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What Does It Mean to Leave an Inheritance?

“Leaving an inheritance for your children’s children is about more than just leaving them a house or money. It is also about leaving them their nation as their nation, not allowing it to be just bought and sold carved up by any who wish…”


One of the most quoted passages in the whole Bible, at least that I see being quoted recently, is Proverbs 13:22 – “A good man leaves an inheritance to his children’s children, but the sinner’s wealth is laid up for the righteous.”

I like the way that this passage is being used to challenge the excesses of the boomer generation, who often brag about spending their children’s inheritance. I like the way that this verse is used to challenge the current generation of parents to seek to provide for their children’s children, not just themselves. But there is another element of this verse, that I think we can sometimes miss, that enhances these efforts.

It is easy to forget that this is an Old Testament Proverb based on Solomon’s reflection on Old Testament laws, and in the Old Testament, a righteous man was not supposed to sell his family’s property. This principle is all through the Old Testament, but one passage, in particular, helps us reflect on it.

In 1 Kings 21, we read that Ahab wanted the vineyard of a man called Naboth. Naboth refuses, “But Naboth said to Ahab, “The Lord forbid that I should give you the inheritance of my father’s” (1 Kings 21:3).

Contrary to what many modern conservatives think, the Old Testament property laws were not like our modern private property laws. Land could not just be sold in perpetuity and transferred at will, the Bible supported liberal trade, but not free trade.

An Israelite who had fallen on hard times could sell his property to pay for his debts, but the property was to be returned to his family or ancestors in the year of Jubilee through the process of redemption. Therefore, a good man, especially a man of means would not sell his family’s property if he could avoid it because it was their rightful inheritance, not his to do with as he wished.

In other words, though there is an application from this passage to our modern private property laws, the verse is about far more than that. To preserve your family property in ancient Israel was to preserve your family’s, and indeed, your nation’s historical legacy. There was no such thing in ancient Israel as the right for a foreigner to come in and buy your property, there was no such thing as you being able to sell your property to people from another tribe (or state) who could then come in and change your ways and culture. At least, there was no such thing in Biblical legal theory, there was in practice, because as we know these laws were often ignored (Is. 5:8-10).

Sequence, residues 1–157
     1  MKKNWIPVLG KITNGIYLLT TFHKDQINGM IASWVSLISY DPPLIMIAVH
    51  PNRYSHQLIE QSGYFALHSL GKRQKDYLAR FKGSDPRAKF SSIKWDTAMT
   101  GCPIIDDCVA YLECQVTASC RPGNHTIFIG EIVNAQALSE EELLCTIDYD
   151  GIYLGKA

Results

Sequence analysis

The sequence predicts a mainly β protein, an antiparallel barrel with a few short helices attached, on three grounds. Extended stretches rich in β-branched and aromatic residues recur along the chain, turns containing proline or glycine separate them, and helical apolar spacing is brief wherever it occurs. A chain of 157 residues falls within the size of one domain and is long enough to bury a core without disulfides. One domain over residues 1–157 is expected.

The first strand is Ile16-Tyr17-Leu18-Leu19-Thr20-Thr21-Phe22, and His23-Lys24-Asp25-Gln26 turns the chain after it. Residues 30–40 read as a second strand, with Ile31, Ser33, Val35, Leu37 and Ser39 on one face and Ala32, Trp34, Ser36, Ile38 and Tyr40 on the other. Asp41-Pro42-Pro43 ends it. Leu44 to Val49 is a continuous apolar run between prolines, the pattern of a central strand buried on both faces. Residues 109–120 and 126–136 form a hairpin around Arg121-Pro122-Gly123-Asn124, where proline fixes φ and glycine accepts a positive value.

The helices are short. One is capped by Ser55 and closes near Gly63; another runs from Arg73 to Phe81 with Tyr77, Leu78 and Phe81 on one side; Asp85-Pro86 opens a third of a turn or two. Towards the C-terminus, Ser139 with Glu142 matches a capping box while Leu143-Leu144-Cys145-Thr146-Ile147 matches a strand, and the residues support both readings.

Ahab was depressed because Naboth refused his offer, so Jezebel consoles her weak-minded husband and tells him that she will get him the vineyard. She hatched a plot to destroy Naboth’s reputation and kill him, and this is what happens. Naboth lost his land through thievery and deception. But the way Israelite law was framed was to keep the family’s legacy protected.

If an Israelite lost their property by their own fault, it could be purchased by another, for a time, and then had to be returned to the family who owned it. In other words, it was stored up for the righteous to come and redeem when they were ready, as Boaz does with Ruth, Naomi, and their family’s property. Naomi’s husband endangered his property through his evil actions (leaving Israel and allowing his sons to marry women who worshipped foreign gods) and it was kept and left in place for the righteous man, Boaz to redeem. This protected the legacy of this family, but also it protected the nation as a whole.

The individual is not the basic building block of society, the family is. The Biblical law protected both the prosperity of the nation and also the legacy of the family. Mismanaged land could be sold to someone else, for a time, to pay off debts and allow it to be managed in better hands. But it had to return to the nearest kin of the one who lost it. In this way, the law balanced productivity with family security. A wise provision.

In allowing our land to be traded as just any other commodity for any one foreigner and distant citizen alike, we have ensured that our nation is destroying the inheritance of its people. Leaving an inheritance for your children’s children is about more than just leaving them a house or money. It is also about leaving them their nation as their nation, not allowing it to be just bought and sold carved up by any who wish, even those from other countries.  

The result of our modern policies is, and will be increasingly woe;

“8 Woe to those who join house to house,
    who add field to field,
until there is no more room,
    and you are made to dwell alone
    in the midst of the land.
9 The Lord of hosts has sworn in my hearing:
“Surely many houses shall be desolate,
    large and beautiful houses, without inhabitant.
10 For ten acres of vineyard shall yield but one bath,
    and a homer of seed shall yield but an ephah.”

Isaiah 5:8-10

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